While Ratcliffe saw gold in Brailsford’s principles, the likes of Bradley Wiggins (left) didn’t see him as a marginal gains guru despite achieving success under his watch
Brailsford has rarely been viewed as the sort to drown his contributions in modesty and the perception for so long was of a sporting Midas and a master of innovation —
British cyclists dominated the Olympics on his watch and that pattern continued emphatically in the Tour de France, where he controlled the biggest budget in the peloton and with it his cyclists reigned supreme. Wiggins, Chris Froome and Geraint Thomas would win the race six out of seven editions from 2012 onwards.
That their success occurred in a sport that has been riddled with doping gave rise to one notable question: too good to be true? It was necessary to recall how Team Sky vowed, upon their creation in 2010, that they would be the ones who did it clean.
Those words took on an awful weight when it was leaked in 2016 that Wiggins had received therapeutic use exemptions for the banned anti-inflammatory drug triamcinolone shortly before the 2011 Tour de France, his 2012 Tour win and the 2013 Giro d’Italia.
Before long the air was thick with cloud — there was the jiffy bag scandal involving Wiggins, a failed test for Froome (he was eventually cleared of wrongdoing) and one particular conversation between Brailsford and Matt Lawton, whose reporting in these pages did so much to cast a light on a troubling situation.
Brailsford met Lawton and responded to his enquiries with one of his own: ‘If you didn’t write the story, is there anything else that could be done?’
Time will tell if Erik ten Hag can ride the barrage of suggestions that come into the bargain, and, likewise, if Brailsford will fall back on some of his favoured methods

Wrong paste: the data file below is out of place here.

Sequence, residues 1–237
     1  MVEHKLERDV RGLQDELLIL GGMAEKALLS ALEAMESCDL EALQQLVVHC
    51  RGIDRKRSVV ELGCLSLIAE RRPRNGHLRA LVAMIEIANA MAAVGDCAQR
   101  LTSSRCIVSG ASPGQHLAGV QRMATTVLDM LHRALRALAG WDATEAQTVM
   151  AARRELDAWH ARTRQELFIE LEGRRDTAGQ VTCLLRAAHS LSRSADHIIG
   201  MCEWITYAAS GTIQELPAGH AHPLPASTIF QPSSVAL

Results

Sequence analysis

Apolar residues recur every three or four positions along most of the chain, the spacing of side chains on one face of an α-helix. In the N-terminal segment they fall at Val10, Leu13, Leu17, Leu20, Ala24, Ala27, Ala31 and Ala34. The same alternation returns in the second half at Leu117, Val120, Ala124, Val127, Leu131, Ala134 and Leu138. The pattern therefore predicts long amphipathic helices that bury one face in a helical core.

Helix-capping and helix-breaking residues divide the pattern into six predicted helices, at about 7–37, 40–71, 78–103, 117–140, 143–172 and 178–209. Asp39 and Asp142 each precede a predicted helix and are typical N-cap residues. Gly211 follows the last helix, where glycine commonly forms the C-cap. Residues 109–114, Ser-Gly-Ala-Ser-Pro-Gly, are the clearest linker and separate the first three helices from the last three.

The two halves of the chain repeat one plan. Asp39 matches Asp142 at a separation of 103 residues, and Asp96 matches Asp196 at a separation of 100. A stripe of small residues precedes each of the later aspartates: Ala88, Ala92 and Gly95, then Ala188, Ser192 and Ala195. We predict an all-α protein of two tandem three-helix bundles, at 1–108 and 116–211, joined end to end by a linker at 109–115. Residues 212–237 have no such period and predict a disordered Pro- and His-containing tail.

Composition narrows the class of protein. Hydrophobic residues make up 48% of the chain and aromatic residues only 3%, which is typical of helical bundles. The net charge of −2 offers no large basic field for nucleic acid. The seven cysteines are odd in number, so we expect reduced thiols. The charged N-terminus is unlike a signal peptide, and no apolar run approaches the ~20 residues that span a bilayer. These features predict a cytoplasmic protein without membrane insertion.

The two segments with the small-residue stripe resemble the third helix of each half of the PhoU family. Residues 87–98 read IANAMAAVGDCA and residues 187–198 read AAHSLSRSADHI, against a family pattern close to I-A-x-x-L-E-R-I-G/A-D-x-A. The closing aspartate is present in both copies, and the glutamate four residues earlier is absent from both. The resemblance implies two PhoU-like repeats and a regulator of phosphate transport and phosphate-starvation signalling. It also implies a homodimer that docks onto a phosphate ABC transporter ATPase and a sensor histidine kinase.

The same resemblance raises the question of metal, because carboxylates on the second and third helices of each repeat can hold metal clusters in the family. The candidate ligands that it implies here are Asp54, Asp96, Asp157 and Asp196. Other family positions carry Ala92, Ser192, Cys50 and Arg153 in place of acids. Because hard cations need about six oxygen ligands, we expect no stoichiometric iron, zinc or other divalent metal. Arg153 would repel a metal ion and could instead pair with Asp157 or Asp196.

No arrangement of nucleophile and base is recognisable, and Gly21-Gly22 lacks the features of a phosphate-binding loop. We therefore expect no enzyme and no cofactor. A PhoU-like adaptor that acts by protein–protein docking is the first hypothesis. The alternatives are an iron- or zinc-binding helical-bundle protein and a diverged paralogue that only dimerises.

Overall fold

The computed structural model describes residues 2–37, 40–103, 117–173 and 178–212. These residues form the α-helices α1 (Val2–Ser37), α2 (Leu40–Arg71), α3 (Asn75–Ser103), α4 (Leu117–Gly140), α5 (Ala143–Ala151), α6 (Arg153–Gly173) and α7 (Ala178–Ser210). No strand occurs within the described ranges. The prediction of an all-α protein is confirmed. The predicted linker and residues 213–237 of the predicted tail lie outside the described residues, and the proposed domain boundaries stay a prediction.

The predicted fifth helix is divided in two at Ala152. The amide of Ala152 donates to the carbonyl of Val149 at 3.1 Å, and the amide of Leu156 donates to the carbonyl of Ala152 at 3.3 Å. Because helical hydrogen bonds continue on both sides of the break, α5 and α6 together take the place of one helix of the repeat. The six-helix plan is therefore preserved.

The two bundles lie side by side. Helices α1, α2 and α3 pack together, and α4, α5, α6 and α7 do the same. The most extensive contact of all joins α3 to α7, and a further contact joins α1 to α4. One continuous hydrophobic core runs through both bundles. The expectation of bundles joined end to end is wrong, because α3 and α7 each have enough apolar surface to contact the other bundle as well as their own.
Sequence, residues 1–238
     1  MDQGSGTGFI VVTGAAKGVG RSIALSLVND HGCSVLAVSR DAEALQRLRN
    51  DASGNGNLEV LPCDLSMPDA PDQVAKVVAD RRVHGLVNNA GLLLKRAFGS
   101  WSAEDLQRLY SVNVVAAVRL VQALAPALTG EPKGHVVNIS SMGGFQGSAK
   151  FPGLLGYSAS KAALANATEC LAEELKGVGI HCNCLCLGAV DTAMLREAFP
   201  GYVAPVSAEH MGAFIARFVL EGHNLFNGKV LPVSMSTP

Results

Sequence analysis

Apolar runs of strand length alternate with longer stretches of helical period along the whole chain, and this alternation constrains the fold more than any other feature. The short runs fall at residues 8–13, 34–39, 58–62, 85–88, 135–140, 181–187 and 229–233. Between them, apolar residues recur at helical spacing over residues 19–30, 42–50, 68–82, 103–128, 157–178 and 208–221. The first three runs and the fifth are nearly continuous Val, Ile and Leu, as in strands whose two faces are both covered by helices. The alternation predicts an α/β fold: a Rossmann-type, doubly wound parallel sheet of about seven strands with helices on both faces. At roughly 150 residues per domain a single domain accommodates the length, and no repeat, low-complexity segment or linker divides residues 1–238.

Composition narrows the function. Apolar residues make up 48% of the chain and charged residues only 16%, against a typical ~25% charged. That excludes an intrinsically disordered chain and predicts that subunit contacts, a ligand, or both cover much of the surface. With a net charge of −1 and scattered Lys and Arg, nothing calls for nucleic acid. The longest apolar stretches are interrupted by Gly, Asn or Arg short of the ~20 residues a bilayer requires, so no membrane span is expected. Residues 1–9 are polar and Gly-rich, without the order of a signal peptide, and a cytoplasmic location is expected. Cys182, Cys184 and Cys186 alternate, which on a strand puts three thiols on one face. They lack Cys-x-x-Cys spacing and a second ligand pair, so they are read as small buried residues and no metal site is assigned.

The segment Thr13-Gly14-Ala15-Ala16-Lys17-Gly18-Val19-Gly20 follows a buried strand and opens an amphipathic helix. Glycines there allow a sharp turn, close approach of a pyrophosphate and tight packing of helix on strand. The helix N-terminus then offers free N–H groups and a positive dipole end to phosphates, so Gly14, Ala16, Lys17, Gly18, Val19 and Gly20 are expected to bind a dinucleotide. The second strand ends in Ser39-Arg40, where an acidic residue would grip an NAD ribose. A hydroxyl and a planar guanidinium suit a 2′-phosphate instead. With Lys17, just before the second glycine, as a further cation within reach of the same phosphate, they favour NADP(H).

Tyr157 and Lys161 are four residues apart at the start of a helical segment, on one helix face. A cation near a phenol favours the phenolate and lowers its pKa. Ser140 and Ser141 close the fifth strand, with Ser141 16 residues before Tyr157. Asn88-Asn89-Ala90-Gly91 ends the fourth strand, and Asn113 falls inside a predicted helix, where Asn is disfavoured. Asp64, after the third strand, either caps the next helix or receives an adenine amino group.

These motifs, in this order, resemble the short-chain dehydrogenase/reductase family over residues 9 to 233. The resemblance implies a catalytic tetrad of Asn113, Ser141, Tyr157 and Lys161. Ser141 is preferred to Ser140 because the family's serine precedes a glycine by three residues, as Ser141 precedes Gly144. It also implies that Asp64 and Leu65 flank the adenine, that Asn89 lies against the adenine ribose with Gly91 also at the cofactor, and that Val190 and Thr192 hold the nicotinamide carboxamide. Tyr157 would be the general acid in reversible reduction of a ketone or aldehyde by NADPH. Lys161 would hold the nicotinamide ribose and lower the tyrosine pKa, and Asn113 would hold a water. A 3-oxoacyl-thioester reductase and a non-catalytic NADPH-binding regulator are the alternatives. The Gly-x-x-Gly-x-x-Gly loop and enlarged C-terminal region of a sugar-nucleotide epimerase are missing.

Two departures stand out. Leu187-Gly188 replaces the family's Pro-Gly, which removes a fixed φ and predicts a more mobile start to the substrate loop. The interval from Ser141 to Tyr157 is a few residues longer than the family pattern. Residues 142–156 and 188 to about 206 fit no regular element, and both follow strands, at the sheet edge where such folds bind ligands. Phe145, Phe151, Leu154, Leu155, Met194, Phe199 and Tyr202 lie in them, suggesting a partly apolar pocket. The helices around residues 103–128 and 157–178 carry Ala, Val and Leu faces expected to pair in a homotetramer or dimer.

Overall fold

The career of Sir Dave Brailsford
- Born in Derbyshire, Brailsford’s family moved to Wales when he was a toddler.
- Raced for four years in France and also worked as an export sales manager before becoming a consultant for British Cycling in 1998.
- In 2003 he became the performance director and under Brailsford Great Britain led the cycling medal table at both the 2008 and 2012 Olympics.
- Brailsford was knighted in 2013. He also became Team Sky manager in 2010. Under Sir Jim Ratcliffe, Team Sky became Team Ineos in 2019 and Brailsford became director of sport. He has overseen 12 Grand Tour wins to date.
- In 2021 he was embroiled in a doping scandal but Ratcliffe stood by him. Recently Brailsford has been involved with OGC Nice in Ligue 1.
This preceded a UK Anti-Doping investigation into the jiffy bag saga when a committee of MPs had given the disputed contents of that bag its focus.
By then the halo just didn’t have the same shine. When Richard Freeman, chief doctor at Team Sky, became the first doping casualty of the Brailsford era when he was struck off in 2021 for ordering 30 sachets of testosterone to the National Cycling Centre in 2011, it became a question of who knew what and when.
How could Brailsford, so famed for his diligence, allow this to happen under his nose and be so unaware?
That has become a defining aspect in his legacy, as has his failure to achieve any great success outside of cycling.
Will it work out for him at Manchester United? Are the catchy slogans as convincing as they used to be? They are unknowns as he reaches into the bowl once more.
The Glazer family remain in control of the club despite initially looking to sell their majority stake